Do We Really Need To Cover Up Our Laptop Camera Lens For Privacy?

Technology security experts weigh in on how useful a webcam cover is against a hacker.
Some experts see webcam covers as a final safeguard, while others don't see them as useful at all.
sorbetto via Getty Images
Some experts see webcam covers as a final safeguard, while others don't see them as useful at all.

If you are paranoid about people seeing things they should not while you’re working, you may be wondering if you need a physical camera cover over your computer lens.

Several high-profile public figures have been known to use webcam covers, which are typically plastic sliders or a piece of tape that go over a lens. Former FBI Director James Comey told NPR he has done it. In a 2016 photo posted to his Facebook account, Meta CEO Mark Zuckerberg appeared to be using a sticker on his laptop camera. Should you do the same?

Here’s what experts think about how useful a webcam cover really is.

There aren’t many legitimate security reasons for needing a cover, but experts say it can’t hurt.

If you worry about accidentally leaving your video camera on, a camera cover could ease your worries. Jonathan Young, associate vice president of Vantage Technology Consulting Group, uses webcam covers for this reason.

“Webcam blockers are useful primarily because people sometimes turn on or leave their cameras on unintentionally,” he said. “Or, people have multiple cameras –– laptop camera and standalone camera on an external monitor –– and the wrong default might pop up and transmit work information or an embarrassing or otherwise inappropriate view. I use camera covers on my devices for these reasons.”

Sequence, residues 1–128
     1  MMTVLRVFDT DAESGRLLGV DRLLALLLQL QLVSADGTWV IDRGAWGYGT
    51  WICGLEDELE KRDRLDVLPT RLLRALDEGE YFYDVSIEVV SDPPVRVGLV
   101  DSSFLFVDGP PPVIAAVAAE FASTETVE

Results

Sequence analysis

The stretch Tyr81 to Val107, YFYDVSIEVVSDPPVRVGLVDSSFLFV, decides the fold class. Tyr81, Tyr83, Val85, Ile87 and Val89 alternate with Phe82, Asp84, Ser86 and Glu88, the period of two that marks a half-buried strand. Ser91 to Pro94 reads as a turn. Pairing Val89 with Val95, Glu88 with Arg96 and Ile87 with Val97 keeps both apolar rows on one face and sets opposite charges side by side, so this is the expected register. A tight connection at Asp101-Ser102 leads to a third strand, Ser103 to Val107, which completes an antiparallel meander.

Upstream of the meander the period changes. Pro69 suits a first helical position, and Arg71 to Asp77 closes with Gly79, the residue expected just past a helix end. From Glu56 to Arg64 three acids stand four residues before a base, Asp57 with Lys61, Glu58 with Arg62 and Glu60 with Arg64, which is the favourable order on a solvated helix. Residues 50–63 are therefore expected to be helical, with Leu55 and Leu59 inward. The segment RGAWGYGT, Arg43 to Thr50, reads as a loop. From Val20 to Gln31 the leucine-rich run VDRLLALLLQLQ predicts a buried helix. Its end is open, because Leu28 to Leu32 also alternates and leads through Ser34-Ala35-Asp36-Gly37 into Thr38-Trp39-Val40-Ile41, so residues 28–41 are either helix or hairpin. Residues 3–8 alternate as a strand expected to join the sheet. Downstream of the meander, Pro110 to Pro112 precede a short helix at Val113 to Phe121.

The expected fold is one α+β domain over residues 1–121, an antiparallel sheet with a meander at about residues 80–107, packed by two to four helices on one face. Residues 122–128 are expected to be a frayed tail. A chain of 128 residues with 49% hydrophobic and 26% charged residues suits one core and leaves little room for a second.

Beyond saving yourself from potential embarrassment, there are good security reasons for doing so, too, said Michael Covington, a vice president of portfolio strategy at JAMF, an Apple device management platform.

“A physical webcam cover is the last failsafe layer that ensures the user remains in control of when they are seen on camera, especially when any of the following scenarios occur: The device’s camera could accidentally turn on due to a software bug; app developers can have malicious intent and build their apps to capture or steal data via the camera permission,” Covington said.

If the latter issue is what concerns you most ― that hackers are looking into your home via your computer ― then you may not need to worry that much, according to Nizel Adams, owner of Nizel Corp, an information technology consulting company in Chicago.

“I understand the paranoia. Nobody likes to feel vulnerable,” Adams said. “But if you’re taking preventative steps, the chances of somebody being hacked or somebody watching you on your web camera are slim to none.”

“If there’s a security breach, that breach doesn’t go away by you covering the webcam. That person is still going to be watching you on the other end,” he noted.

“In my 20-plus years of working in the business, I know that the vast majority of IT administrators have no clue how to directly access somebody’s web camera remotely.”